A drone operated by the United Arab Emirates (UAE) killed 26 unarmed cadets at a military academy in Libya's capital Tripoli in January, a new BBC special report has revealed.
At the time of the attack, on 4 January, Tripoli was under siege by the self-styled Libyan National Army (LNA), the report explained.
The BBC says the UAE has denied responsibility for the attack and suggested the cadets had been killed by local shelling. But evidence indicates the cadets were hit by a Chinese Blue Arrow 7 missile.
This was fired by a drone called the Wing Loong II, a BBC investigation found.
At the time of the strike, Wing Loong II drones were only operating from one Libyan air base – Al-Khadim – and the UAE supplied and operated the drones that were stationed there.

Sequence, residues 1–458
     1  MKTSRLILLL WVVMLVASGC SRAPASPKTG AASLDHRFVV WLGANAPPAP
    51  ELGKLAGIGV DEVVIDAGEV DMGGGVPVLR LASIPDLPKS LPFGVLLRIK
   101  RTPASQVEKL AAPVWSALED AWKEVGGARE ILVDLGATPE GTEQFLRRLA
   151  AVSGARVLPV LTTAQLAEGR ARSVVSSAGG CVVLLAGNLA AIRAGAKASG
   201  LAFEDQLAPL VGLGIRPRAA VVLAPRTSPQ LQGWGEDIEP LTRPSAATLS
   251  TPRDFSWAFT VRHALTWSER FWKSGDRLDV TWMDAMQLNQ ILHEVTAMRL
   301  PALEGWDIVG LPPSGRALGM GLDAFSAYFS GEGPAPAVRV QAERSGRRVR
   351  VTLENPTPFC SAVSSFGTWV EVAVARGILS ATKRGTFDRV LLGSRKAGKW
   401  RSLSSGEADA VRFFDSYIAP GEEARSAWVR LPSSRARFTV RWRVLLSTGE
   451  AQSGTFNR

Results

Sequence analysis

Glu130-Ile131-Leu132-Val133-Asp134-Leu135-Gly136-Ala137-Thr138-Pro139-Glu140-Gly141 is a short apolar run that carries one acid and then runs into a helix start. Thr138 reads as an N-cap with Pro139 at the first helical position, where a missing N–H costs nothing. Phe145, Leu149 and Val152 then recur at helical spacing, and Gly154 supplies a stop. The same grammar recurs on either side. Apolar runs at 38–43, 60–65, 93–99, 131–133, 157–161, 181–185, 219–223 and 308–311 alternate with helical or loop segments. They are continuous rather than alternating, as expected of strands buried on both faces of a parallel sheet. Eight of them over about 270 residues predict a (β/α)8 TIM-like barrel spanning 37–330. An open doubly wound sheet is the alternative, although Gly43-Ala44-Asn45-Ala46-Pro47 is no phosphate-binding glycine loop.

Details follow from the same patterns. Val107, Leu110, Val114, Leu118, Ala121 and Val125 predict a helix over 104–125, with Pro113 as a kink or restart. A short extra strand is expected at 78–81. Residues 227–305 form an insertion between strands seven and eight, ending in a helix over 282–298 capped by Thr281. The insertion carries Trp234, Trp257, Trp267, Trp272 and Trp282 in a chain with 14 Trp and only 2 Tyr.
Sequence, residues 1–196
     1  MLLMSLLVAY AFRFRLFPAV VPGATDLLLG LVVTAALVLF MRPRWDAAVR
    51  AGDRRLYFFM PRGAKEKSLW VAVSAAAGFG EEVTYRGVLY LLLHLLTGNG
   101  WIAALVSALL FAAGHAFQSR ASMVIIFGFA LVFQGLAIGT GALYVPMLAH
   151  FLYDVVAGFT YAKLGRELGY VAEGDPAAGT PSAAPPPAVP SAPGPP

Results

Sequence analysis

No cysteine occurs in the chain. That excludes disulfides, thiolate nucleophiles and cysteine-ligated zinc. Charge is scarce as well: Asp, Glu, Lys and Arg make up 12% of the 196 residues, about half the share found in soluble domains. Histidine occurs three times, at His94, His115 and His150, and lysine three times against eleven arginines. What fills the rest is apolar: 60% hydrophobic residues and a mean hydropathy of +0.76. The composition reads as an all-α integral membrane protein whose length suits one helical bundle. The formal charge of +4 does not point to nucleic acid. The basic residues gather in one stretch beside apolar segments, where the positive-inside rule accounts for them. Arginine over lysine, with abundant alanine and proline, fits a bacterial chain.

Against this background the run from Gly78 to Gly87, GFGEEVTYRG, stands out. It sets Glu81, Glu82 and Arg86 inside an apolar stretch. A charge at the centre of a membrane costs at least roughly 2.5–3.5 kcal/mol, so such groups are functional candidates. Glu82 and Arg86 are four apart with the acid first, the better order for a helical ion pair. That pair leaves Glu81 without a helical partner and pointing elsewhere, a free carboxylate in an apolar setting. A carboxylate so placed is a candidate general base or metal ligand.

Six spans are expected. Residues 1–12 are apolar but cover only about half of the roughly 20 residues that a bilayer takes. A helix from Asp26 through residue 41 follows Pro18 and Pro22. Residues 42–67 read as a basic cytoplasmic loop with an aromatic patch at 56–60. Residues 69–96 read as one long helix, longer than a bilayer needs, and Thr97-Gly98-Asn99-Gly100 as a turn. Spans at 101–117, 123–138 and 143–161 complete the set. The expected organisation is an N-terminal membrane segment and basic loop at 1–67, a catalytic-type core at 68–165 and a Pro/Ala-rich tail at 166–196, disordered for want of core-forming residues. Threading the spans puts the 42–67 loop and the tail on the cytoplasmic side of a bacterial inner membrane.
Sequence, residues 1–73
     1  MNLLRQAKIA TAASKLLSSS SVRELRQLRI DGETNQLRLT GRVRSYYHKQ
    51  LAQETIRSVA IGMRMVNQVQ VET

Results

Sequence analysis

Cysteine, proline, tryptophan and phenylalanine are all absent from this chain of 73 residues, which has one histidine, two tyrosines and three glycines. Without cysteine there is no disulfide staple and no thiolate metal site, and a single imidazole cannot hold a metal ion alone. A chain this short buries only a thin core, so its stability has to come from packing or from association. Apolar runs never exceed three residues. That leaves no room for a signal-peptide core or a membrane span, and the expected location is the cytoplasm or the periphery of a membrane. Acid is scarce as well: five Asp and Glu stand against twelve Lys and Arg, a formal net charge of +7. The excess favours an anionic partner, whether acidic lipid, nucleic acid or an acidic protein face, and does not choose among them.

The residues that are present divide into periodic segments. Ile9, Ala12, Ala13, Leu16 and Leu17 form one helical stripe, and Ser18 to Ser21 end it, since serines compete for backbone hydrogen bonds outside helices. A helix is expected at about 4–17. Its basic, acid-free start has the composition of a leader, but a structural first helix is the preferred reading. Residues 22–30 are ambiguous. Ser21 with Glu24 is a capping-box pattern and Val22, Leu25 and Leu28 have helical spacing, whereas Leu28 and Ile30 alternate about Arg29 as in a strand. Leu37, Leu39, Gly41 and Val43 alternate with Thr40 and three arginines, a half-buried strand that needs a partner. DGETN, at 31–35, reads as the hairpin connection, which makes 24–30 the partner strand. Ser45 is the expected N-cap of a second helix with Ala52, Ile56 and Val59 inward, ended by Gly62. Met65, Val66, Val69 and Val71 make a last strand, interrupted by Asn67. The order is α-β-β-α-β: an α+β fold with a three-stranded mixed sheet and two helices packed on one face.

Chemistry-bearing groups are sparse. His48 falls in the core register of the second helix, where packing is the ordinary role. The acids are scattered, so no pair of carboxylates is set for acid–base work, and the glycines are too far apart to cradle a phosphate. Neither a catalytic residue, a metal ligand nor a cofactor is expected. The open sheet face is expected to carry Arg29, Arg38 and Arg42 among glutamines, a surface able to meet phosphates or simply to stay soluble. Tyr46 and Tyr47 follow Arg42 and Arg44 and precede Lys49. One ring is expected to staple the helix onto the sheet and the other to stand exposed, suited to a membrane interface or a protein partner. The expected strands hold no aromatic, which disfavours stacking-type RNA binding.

One of the survivors, 20 year-old Abdul Moeen told the BBC that he was inside the academy when the strike hit. "It was indescribable," he said.
We were witnessing our colleagues dying, breathing their last breath, and we couldn't do anything… There were guys whose torsos were separated from their bodies. It was an awful crime, a crime that has nothing to do with humanity.
The news organisation also found new evidence that Egypt is allowing the UAE to use Egyptian military air bases close to the Libyan border.
According to report, the Wing Loong II drones stationed in Libya appear to have been moved over the border into Egypt, to an air base near Siwa in the western Egyptian desert.
The UAE has previously denied military involvement in Libya and says it supports the UN's peace efforts. It did not respond to the BBC's request for comment.
Both the UAE and Egypt have been backing renegade General Khalifa Haftar's LNA against the internationally recognised Government of National Accord (GNA), which is backed by Turkey.